A Day in the Life of a Michigan Department of Transportation Maintenance Worker
Office of Performance and Transformation's Communication Representative Monica Drake will be following different State of Michigan employees throughout the year.
When there’s a snowstorm, some jobs close for the day, or employees are allowed to work from home.
But not the Michigan Department of Transportation maintenance facilities. Their employees are busiest on the days when roads are bad.
That’s because, 24 hours a day, 7 days a week, maintenance workers are tasked with making sure state highways are safe for Michiganders.
“It's our goal to keep all Michigan drivers safe during any road condition, whether it be winter, spring, summer or fall," said Ben Hodges, Grand Ledge Maintenance Facility's Transportation Supervisor.
"After being with MDOT for more than 11 years, I can say with confidence that we all take pride in what we do – serving the people and ensuring a safe commute for all.”
There are two shifts – 6 a.m. to 2:30 p.m. and 9:30 p.m. to 6 a.m. When conditions are bad, crews work on the road all day with shifts from 6 a.m. to 6 p.m. and 6 p.m. to 6 a.m. If snow has accumulated overnight, then Hodges holds a meeting at 6 a.m. sharp and assigns employees to their stretches of road.
Mike Lance, Transportation Maintenance Worker, is one of these employees.
“When everything is closed down except for essential employees – we’re the essential employees,” said Lance.
He drives MDOT’s tow plow – which can plow up to 28 feet and does the work of at least two regular snowplows. There are two tow plows at the Grand Ledge Maintenance Facility and 12 throughout the state.
Once Lance gets his assignment, he fills the tow plow with about 25 tons of salt, and then he’s off. During the ride along, he was tasked with clearing the west end of I-96, from M-43 to the Ionia County line. First, he clears and salts the highway, then the shoulder, then the ramp and then he checks the rest areas. He circles around and around, over and over, until the asphalt or concrete is clear.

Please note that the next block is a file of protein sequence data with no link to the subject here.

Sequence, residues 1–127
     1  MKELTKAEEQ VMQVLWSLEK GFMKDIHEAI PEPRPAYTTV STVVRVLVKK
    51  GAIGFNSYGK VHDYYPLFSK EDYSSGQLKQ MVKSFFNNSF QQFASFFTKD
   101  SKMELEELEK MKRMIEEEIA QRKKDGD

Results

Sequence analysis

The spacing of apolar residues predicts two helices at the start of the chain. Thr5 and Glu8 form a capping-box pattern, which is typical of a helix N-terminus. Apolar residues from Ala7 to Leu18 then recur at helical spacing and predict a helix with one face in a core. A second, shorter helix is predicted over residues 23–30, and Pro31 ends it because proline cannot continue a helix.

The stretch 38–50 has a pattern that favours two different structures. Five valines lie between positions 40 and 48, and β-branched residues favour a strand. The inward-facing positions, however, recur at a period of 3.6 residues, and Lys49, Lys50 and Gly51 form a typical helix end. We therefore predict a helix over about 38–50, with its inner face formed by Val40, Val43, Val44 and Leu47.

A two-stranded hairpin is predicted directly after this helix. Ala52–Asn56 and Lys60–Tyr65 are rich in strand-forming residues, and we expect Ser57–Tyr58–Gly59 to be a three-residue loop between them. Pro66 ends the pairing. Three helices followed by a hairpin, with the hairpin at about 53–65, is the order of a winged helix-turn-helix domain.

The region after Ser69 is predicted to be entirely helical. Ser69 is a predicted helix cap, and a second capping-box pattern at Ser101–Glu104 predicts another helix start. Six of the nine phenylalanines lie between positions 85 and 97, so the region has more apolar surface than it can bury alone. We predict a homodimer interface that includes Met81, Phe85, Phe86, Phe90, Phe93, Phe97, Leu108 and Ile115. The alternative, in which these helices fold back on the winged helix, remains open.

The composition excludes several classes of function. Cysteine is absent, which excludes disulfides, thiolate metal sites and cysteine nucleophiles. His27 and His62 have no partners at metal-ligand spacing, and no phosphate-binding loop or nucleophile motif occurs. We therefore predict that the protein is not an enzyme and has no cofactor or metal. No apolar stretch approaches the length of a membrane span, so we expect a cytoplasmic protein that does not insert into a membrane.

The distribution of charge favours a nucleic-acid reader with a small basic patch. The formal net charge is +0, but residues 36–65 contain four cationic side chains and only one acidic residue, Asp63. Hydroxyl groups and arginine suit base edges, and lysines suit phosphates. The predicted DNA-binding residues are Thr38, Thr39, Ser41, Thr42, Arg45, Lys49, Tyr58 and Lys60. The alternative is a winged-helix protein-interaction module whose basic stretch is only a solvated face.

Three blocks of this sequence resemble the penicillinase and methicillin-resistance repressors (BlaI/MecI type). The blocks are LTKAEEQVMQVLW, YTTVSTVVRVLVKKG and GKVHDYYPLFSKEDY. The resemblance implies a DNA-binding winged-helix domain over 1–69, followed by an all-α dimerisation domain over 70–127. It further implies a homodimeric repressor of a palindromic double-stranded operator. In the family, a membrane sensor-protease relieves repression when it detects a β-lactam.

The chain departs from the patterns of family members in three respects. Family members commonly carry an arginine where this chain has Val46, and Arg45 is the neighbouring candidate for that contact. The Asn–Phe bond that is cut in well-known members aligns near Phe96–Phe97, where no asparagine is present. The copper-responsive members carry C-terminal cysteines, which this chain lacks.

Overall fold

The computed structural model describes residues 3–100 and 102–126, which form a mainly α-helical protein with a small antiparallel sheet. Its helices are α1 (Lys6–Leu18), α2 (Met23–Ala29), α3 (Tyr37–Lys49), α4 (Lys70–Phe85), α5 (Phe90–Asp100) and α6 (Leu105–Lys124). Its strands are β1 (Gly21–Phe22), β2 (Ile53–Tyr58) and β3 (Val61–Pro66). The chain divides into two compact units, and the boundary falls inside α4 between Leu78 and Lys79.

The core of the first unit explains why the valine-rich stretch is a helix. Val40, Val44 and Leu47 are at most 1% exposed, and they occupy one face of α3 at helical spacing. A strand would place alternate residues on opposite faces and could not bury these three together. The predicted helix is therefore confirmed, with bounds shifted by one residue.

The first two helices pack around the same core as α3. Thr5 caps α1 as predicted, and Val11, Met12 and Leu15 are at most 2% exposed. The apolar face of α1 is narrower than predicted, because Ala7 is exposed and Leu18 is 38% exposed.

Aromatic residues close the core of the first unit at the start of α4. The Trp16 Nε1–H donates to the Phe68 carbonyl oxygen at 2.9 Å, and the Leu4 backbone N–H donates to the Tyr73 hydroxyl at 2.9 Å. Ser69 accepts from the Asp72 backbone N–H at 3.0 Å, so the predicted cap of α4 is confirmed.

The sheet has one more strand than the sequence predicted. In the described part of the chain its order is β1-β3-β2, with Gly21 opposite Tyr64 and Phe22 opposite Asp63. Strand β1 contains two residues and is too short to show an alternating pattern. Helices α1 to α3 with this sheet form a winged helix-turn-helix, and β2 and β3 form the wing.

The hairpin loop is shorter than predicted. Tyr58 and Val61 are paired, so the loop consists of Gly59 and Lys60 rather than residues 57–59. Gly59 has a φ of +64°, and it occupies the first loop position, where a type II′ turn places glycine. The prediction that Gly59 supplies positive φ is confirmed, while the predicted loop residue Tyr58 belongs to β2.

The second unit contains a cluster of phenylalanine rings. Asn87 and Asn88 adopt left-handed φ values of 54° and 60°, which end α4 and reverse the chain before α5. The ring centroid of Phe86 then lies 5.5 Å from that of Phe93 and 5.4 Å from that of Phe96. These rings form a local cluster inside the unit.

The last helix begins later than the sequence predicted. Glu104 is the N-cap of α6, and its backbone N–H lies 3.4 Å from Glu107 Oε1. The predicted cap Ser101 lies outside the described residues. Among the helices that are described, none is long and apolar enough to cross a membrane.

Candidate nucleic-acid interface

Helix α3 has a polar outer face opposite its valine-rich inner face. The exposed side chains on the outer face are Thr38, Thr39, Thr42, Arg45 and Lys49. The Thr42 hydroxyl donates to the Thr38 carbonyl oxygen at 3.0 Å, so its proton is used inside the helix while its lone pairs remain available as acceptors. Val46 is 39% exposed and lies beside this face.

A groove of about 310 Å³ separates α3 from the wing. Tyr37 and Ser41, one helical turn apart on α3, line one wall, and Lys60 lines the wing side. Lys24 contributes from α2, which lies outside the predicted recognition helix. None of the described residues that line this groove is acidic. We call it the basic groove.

“Physically, it’s not too difficult of a job. But mentally – that’s a different story,” Lance said about driving a vehicle that’s about 70 feet in length and worth about $350,000 for up to 12 hours a day.
“There are always cars trying to go around you. I’ve had cars cut in front of me and then spin out. And we have to watch for people who leave abandoned vehicles on the side of the road without their lights on. … I really don’t want to hit a car.”
Lance said many people act like snowplows are an inconvenience – instead of on the road to make their drive safer. On the ride along, there were times Lance would have to wait at least 15 minutes to turn left or change lanes because no one would slow down for him. He said some people have even tailgated the tow plow or tried to cut around him on the shoulder.
“I think they don’t realize how much weight is coming off the end of the plow when it’s snowing. I’ve actually seen cars ride the tidal wide of snow behind me into a ditch,” he said. “If they try to go around me on the right and get into the discharge of the plow, there’s not much I can do about it.”
In an effort to increase visibility, MDOT has incorporated flashing green lights on their snowplows, beginning this year, in addition to their normal amber lights.
“Garbage trucks, tow trucks and private snowplows all have amber lights. There are so many amber lights that people don’t pay attention to them. So, now, road maintenance vehicles are the only ones that can have green lights, just like police are the only ones who can have blue lights,” he said.
A few tips he would give to drivers: Don’t pull out in front of or try to cut around a snowplow. Leave space between yourself and the plow. And, when it’s snowing, turn on your headlights.
“That’s my biggest pet peeve – when people are driving in the snow without their lights on. Especially white vehicles. Yes, you can see, but we can’t see you. If it’s snowing, keep your lights on all day,” he said.
Lance said the most difficult part of the job is assisting law enforcement in closing the highway during an accident, “especially when kids are involved.”
“Every day, when I’m out here plowing snow, my goal is to keep as few cars in the ditch or people getting hurt as possible,” he said.
But, even when it’s not snowing, MDOT maintenance workers keep themselves busy. They also repair the plow trucks, replace road signs, fix guardrails, pave, maintain bridges, spray invasive vegetation on the side of the road and, of course, patch potholes.
“We drive along the side of the road with a truck with an arrow board behind us. When we see a pothole, we stop, watch for traffic, run out, fill the pothole and then run back,” said Lance.
“We don’t really have one job, so we never get bored.”
Lance also works as a volunteer firefighter for the Carson City Fire Department. He lives in Carson City with his wife, her two children and their 2-year-old son.
For more information about the Michigan Department of Transportation, visit www.michigan.gov/mdot. To view an interactive map of where MDOT snowplows are, at any given time, visit https://mdotnetpublic.state.mi.us/drive.